• I trained at Tedd Williams W.C.G.; along side of Joe Steveson, Phillip Miller, and Jason Lambert. Our coaches philosophy about cross training was to provide any coaching we needed in house. Rather than going to another school to learn stand up, we would find a striking instructor and hire him. We’ve had Dan Henderson, Bas Rutten, Quinton Jackson came to our gym rather than go to theirs. Coaches can provide everything an athlete needs for proper training, without jumping around, if they are truly committed to bring in great coaching as needed.

  7. So stupid. There is no such thing as cross training is a sport where there are team awards. By the way, he is the same guy that wrote that article about making submission hold for children under 12 illegal in America unless the referee intervenes.

  8. I have good friends at other schools in the area. We often go to each others open mats and train. It is always a good experience to make new friends and roll with people that have different sets of skills. I love Jiu Jitsu, it is my biggest hobby or fun activity in my life. I train probably five times a week for the last three years
    . My coaches do not care if I train at other open mats. I can only see the top level competitors and teams worrying about training at other schools, it all depends on what you are in Jiu Jitsu for, either way is fine, just be yourself and leave the rest.

  9. Murphy how much do you pay for rent, insurance, water, electrical at your own school? When did you got your first black belt and your 3rd degree black belt?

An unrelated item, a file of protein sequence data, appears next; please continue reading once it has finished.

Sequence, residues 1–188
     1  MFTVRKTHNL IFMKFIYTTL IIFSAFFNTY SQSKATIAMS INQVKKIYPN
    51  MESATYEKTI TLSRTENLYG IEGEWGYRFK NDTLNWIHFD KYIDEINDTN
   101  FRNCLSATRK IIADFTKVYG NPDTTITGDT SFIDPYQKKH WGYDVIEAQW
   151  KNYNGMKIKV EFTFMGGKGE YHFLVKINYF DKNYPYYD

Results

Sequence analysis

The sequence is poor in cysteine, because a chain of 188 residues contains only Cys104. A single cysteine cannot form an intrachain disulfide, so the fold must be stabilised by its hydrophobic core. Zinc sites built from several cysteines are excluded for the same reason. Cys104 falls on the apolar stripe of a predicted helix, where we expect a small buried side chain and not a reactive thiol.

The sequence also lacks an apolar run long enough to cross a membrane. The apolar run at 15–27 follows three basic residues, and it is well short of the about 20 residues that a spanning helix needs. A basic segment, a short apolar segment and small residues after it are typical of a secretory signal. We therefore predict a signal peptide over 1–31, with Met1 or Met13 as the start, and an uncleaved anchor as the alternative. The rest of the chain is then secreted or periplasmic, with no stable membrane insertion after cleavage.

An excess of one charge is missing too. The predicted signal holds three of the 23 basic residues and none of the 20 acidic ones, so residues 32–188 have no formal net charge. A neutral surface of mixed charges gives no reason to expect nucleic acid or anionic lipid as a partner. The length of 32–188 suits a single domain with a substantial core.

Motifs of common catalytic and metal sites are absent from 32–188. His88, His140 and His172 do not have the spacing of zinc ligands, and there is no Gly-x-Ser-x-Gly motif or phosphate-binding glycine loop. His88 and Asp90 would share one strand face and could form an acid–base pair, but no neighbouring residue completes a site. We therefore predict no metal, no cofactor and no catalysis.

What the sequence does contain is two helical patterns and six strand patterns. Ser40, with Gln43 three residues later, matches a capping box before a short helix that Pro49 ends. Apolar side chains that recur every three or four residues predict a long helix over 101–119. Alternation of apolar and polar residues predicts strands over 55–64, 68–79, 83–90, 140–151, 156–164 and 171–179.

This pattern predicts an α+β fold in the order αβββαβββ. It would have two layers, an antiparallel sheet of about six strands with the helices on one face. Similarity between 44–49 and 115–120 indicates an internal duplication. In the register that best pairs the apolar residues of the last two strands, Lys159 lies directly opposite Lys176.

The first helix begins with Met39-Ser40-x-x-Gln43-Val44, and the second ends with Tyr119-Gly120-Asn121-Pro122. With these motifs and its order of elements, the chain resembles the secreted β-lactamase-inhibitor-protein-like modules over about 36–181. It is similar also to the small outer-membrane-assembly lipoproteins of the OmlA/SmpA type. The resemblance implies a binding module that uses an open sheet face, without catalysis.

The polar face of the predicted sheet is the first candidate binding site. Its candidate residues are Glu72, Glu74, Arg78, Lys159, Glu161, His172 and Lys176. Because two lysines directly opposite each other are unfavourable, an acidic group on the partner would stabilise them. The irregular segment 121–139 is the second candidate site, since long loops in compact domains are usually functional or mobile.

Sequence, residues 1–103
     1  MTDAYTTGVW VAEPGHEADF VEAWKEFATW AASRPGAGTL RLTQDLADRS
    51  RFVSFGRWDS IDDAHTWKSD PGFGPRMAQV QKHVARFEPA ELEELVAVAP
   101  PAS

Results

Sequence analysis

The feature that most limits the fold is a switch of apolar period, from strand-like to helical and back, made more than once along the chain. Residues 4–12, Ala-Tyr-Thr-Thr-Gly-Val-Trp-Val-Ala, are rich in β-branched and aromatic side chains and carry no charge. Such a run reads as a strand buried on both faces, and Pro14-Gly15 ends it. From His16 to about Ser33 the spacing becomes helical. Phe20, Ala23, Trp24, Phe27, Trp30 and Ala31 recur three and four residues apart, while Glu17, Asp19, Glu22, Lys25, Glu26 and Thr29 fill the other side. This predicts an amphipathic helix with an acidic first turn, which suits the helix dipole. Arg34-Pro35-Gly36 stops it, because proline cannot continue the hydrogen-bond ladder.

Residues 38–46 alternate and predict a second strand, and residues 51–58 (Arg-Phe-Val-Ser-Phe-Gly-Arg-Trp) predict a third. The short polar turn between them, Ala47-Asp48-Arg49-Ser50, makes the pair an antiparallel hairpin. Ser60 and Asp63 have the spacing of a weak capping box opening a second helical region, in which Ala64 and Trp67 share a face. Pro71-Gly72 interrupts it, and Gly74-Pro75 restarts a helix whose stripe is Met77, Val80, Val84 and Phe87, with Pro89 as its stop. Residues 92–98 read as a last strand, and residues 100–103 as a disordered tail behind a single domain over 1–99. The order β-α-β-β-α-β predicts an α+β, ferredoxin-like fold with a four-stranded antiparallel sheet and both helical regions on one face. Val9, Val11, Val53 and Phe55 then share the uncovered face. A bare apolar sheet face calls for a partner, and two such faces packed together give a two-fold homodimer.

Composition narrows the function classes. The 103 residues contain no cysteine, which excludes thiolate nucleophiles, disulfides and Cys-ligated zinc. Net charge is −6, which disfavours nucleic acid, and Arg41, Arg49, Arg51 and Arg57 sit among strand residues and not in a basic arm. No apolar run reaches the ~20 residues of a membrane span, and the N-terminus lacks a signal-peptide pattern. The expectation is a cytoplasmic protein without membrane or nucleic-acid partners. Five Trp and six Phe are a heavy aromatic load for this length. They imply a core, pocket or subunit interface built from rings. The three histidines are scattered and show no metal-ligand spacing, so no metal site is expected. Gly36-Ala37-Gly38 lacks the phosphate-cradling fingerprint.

10. Dear Mr. William Murphy,PhD
    I am a BJJ Sheriff just like you are pretending to be.I done some research and find out you don’t train with Marcio Simas or Sergio Penha for over 18 years!!! how in the world of God you earned your black belt and the three stripes your are claiming on your resume?
    Stop being a keyboard warrior Mr. Murphy. After I didn’t find a single trace of your name in tournament records I was also told you received your black belt in a hospice bed as you were dying from cancer. Miraculously, as I was told, you are a survivor. It would have been better if you died.

    • “Mark”,
      First, what is your last name, who is your teacher, and where do you train?
      I have been fully disclosing about who I am, where I come from, and what I do.
      But I do not see that you have listed your last name, and your academy as part of your profile.
      If you doubt my credentials, come to Sarasota, see the beach, and let us find out what the mats say.
      Best Regards,